More than two-thirds of the Earth’s surface is covered by the oceans and seas.
Over the next decade, these vast waters are expected to add $3 trillion to the global economy by generating electricity using marine renewable energy (MRE) devices. These “blue economy” technologies harness power across waves, tides, and currents that could reduce the carbon footprint from energy production and provide grid stability to remote coastal communities.
As MRE developers prepare to deploy these technologies, efforts are underway to guard against cybersecurity threats that could threaten the function of a device and connected systems.
Pacific Northwest National Laboratory (PNNL) created the first-ever cybersecurity guidance report for MRE devices on behalf of the U.S. Department of Energy’s Water Power Technologies Office. The guidance is designed to help MRE developers consider risks in their design and operations. These cybersecurity measures also will help improve MRE’s resiliency as a predictable, affordable, and reliable source of renewable energy. The technical report is designed to protect the devices, as well as industrial control systems, energy delivery systems, and the maritime industry. The results of the project are available on Tethys Engineering. The report results have been broken into a two-part series in the Marine Technology Society Journal for the Nov/Dec 2020 issue and an upcoming Mar/April issue.
“In this nascent stage, developers can start thinking about how their systems will be used and deployed so they can incorporate cybersecurity controls or methods into their designs,” said Fleurdeliza de Peralta, a PNNL risk and environmental assessment advisor and one of the authors of the report.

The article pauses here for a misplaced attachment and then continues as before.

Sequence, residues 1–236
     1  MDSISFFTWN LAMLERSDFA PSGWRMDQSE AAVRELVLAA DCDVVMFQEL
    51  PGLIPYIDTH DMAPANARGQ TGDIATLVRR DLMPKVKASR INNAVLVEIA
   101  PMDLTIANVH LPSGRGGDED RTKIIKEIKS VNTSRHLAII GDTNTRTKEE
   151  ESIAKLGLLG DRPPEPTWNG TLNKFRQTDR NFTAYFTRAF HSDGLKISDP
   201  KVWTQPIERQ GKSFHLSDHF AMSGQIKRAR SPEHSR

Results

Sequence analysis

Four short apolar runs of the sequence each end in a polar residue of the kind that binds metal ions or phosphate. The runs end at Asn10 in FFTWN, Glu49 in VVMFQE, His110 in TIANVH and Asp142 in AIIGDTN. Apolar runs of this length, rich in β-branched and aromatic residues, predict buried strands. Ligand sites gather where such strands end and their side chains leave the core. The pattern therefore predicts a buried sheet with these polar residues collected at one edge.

Identifying and analyzing cybersecurity risks and threats
The PNNL team started with data gathering through a formal request for information document sent to developers, one-on-one discussions, and presentation to stakeholder members of the DOE Marine Energy Council. The researchers reviewed cyber threats and vulnerabilities of IT and operational technology (OT) devices used in wave-point absorbers, oscillating water columns, oscillating surge flaps, and current turbines, and examined the supply chain risks for potential security issues associated with firmware, hardware, and software that will be used in the IT/OT devices.
Through this fact gathering, the team created customized guidance for developers who will be working to deploy the devices and the end users of the technology. The guidance accounts for the variety of methods that threat actors could maliciously gain unauthorized access to an MRE device-through a satellite, Wi-Fi, or cloud computing-and threats to the actual physical device itself. Threats can include malware or phishing emails, a virus in vendor-controlled devices, or an attack that could cripple an organization’s network.
After the initial data gathering, the PNNL team identified different network architectures and configurations for a MRE device to determine different types of threats. The researchers then used two approaches for analyzing the threats: a system-based approach focusing on protecting information or digital assets that need to be protected; and a threat-based approach that focused on protecting control systems and network configurations.
The cybersecurity best practices guide implements the core functions of the National Institute of Standards and Technology Cybersecurity Framework, which is to identify, detect, protect, respond, and recover. The guidance is risk-based and describes security practices that protect the MRE system and its end user from cyber threat actors with malicious intent.
As the push toward a blue economy gains traction, the new guidance serves as a baseline for best practices in securing the MRE industry from cyber threats. The report will be updated as new threats are discovered and new technology on devices are deployed.